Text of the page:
Triple oral beta-lactam containing therapy for Buruli ulcer treatment shortening [article]

Maria Pilar Arenaz Callao, Ruben Gonzalez del Rio, Ainhoa Lucia Quintana, Charles J. Thompson, Alfonso Mendoza-Losana, Santiago Ramon-Garcia
2018 bioRxiv   pre-print
Buruli ulcer (BU) is a chronic debilitating disease of the skin and soft tissue, mainly affecting children and young adults in tropical regions. Before 2004, the only treatment option was surgery; a major breakthrough was the discovery that BU could be cured in most cases with a standard treatment that involved 8 weeks of combination therapy with rifampicin and streptomycin. However, the use of streptomycin is often associated with severe side effects such as ototoxicity, nephrotoxicity, or
more » ... hrotoxicity, or hepatotoxicity. More recently, a clinical trial demonstrated equipotency of replacing the injectable streptomycin by the clarithromycin, which is orally available and with fewer side effects. Thus, BU treatment is now moving toward a full orally available treatment of clarithromycin-rifampicin. However, recent studies have reported the emergence of strains resistant to rifampicin and streptomycin. Since no alternatives to rifampin are available, it is considered the cornerstone drug for BU therapy. Strains resistant to clarithromycin could also eventually emerge. Thus, there is a need to find new therapies for BU. In this work, we describe for the first time the potential inclusion of beta-lactams in BU therapy. More specifically, we propose the use of amoxicillin/clavulanate since it is oral, suitable for the treatment of children, and readily available with a long track record of clinical pedigree. Its inclusion in a triple oral therapy complementing current combinatorial rifampicin-clarithromycin treatment has the potential to counteract resistance development and to reduce length of treatment and time to cure.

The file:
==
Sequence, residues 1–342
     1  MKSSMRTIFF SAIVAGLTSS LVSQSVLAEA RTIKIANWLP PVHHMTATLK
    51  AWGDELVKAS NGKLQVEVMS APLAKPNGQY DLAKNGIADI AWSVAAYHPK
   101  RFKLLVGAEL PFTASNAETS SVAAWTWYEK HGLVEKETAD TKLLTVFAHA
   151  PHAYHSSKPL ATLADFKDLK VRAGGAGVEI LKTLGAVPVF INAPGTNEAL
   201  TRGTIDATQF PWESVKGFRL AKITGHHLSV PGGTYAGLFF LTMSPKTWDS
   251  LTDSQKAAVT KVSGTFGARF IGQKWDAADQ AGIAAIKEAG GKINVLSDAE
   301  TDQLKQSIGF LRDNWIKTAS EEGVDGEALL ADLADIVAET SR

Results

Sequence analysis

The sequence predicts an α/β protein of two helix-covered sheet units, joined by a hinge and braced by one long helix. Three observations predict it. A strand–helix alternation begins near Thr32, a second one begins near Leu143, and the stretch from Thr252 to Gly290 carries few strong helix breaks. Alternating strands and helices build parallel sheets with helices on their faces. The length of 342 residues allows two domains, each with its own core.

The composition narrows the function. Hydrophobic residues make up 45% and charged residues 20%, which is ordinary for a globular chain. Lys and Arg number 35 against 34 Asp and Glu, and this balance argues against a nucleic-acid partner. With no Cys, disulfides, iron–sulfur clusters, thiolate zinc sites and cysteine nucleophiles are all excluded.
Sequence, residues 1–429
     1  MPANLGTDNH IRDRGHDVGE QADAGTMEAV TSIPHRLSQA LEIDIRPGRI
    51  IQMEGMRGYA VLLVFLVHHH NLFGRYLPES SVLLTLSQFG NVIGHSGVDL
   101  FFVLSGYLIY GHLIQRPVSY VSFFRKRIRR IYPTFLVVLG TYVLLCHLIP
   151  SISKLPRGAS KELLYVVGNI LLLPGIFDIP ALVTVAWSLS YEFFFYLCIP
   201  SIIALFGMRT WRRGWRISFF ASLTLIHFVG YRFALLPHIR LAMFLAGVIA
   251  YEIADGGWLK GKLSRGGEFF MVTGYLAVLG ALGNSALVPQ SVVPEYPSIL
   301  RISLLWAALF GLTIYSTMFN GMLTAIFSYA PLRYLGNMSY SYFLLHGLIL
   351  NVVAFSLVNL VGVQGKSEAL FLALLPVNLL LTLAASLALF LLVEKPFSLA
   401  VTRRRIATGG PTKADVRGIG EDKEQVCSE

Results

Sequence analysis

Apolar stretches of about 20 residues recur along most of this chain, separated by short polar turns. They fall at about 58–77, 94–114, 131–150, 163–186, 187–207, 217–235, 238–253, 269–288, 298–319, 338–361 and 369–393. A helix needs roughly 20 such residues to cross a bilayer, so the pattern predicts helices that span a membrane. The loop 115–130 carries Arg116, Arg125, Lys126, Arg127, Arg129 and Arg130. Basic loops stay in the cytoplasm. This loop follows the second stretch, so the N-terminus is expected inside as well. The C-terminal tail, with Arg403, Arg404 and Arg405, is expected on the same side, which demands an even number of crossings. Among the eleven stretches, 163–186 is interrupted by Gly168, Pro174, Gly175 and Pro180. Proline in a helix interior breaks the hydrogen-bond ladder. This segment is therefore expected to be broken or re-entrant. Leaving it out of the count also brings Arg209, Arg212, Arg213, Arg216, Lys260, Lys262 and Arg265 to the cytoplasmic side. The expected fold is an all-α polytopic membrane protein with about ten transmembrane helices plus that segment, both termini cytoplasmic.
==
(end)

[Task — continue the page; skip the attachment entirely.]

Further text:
doi:10.1101/439828 fatcat:amd5wiudzncqhbmdmbw2dfpeiq